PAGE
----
From food trucks to online retailers, a growing number of mainstream businesses are accepting virtual currencies, such as Bitcoin, as a payment method. But as the popularity of digital cash rises, states are beginning to look at ways to regulate its use.
New York released a draft proposal last month outlining a licensing framework for the state's virtual currency businesses. The "BitLicense" regulations provide rules on consumer protection, anti-money laundering compliance and cybersecurity. But the Empire State isn't alone. California is developing its own regulatory structure for digital currency.
In addition, the Conference of Bank Supervisors (CSBS) in February announced the formation of the Emerging Payments Task Force. The assembled group of experts -- nine of whom are state regulators -- are studying changing payment systems, including virtual currencies, to assess the impact to national, state and local financial marketplaces.
Used initially on black-market websites, virtual, or "crypto" currencies are unique computer files that are typically encrypted and can be used to buy goods and services that accept them. A number of stores and online vendors accept virtual currency as payment and are also purchased as an investment. Bitcoin is one of the more common forms of digital cash. Think of them as a finite number of coins that exist only in cyberspace, "mined" by computers, much like gold is mined from the Earth.
New York appears to be the first state to release a regulatory scheme to govern Bitcoins and other virtual currency. If the regulations are enacted, a BitLicense will be required for firms in the state that do the following:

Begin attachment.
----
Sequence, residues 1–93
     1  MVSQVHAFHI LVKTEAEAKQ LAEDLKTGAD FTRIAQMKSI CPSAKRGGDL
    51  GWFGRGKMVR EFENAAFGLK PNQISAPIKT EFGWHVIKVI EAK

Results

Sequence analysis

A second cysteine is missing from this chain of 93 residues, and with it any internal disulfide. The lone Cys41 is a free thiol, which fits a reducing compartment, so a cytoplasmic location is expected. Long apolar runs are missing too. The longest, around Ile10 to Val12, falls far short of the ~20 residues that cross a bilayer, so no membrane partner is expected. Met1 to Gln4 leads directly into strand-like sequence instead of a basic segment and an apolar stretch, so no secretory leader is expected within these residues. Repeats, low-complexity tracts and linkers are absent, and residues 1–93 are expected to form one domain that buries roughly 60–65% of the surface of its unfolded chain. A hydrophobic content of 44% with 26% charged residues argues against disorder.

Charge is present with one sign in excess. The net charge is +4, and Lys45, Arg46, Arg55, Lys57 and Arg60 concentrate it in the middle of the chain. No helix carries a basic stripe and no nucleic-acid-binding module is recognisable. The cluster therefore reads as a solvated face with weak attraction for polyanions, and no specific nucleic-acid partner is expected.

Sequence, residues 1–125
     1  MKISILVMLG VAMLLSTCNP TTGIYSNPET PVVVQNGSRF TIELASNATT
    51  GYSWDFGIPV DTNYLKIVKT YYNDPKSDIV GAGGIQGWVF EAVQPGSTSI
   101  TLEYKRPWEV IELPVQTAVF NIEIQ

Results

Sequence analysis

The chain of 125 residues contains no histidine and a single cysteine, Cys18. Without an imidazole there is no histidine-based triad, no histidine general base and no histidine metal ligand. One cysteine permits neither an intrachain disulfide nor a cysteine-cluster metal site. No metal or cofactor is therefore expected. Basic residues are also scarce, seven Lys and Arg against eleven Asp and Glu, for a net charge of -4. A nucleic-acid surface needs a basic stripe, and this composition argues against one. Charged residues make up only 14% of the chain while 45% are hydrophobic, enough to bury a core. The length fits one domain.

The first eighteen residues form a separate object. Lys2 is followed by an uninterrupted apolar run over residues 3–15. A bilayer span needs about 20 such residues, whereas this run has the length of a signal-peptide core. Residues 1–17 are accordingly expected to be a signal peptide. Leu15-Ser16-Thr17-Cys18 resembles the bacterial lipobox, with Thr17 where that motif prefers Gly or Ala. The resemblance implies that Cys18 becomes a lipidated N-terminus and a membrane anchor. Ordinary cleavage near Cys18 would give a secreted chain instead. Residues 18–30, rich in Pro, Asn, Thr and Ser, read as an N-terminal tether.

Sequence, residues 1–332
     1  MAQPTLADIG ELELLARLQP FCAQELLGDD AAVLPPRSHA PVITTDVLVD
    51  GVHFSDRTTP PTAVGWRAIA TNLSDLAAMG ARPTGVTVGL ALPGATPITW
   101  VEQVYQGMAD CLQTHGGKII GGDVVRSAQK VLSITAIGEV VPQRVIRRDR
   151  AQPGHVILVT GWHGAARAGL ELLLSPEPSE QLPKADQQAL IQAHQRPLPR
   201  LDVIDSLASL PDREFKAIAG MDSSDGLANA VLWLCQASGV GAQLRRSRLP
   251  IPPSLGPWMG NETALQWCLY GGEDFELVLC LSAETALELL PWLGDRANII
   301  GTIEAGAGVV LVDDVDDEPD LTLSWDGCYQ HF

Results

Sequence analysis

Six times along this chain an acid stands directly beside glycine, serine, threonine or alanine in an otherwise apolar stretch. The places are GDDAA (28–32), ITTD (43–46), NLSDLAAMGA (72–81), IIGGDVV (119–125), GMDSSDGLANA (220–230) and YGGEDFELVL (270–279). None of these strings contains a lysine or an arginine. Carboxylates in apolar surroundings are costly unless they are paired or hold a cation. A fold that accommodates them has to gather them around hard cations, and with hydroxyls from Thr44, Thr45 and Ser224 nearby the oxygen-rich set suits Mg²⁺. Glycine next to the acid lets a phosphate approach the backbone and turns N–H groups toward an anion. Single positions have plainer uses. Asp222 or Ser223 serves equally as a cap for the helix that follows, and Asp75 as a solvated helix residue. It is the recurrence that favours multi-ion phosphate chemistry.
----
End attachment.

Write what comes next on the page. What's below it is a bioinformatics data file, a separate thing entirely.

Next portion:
--Receive or transmit virtual currency on the behalf of consumers;
--Secure, store or maintain custody or control of virtual currency on behalf of customers;
--Perform retain conversion or exchange of fiat currency or other value into virtual currency or vice-versa, or the conversion or exchange of one form of virtual currency into another;
--Buying or selling virtual currency as a customer business (distinct from personal use); or
--Controlling, administering or issuing a virtual currency (not including virtual currency miners).
Not everyone is enthusiastic over New York's efforts, however. The New York Times reported on July 29, that a number of Bitcoin supporters were at odds with each other over whether the regulations were helpful.
Government Technology reached out to the New York State Department of Financial Services (DFS) for comment on the proposed regulations, but did not receive a response. The proposed rules were published in the July 23 edition of the New York State Register.
A 45-day window is now in effect for public comment. Once that period ends, the regulations will be further reviewed and potentially revised based on that feedback before being finalized.
Mark Leyes, director of communications for the California Department of Business Oversight (DBO), said it was too early to comment on New York's BitLicenses. But he indicated that DBO staff are keeping tabs on New York's progress as the department develops California's own virtual currency requirements.
The DBO published an advisory document on virtual currencies in April. The memo reads as an FAQ, informing California residents and businesses of the risks involved with using and investing in digital cash.
Leyes added that regulating virtual currency presents a challenge due to its cyber-only existence. He explained that the question of whether Bitcoin can be regulated turns on the question whether it represents "monetary value." If it does, then processors of Bitcoin transactions could fall under the purview of the California Money Transmissions Act, which requires businesses receiving money for transmission to receive a license from the DBO.
"The DBO has no desire to unnecessarily impede on innovation and growth; however there should be a balanced approach to virtual currency to ensure California consumers and investors are protected from fraud, and mismanagement of funds and investments," Leyes said.
Brian Heaton is a senior writer for Government Technology. He primarily covers technology legislation and IT policy issues. Brian started his journalism career in 1998, covering sports and fitness for two trade publications based in Long Island, N.Y. He's also a member of the Professional Bowlers Association, and competes in regional tournaments throughout Northern California and Nevada.
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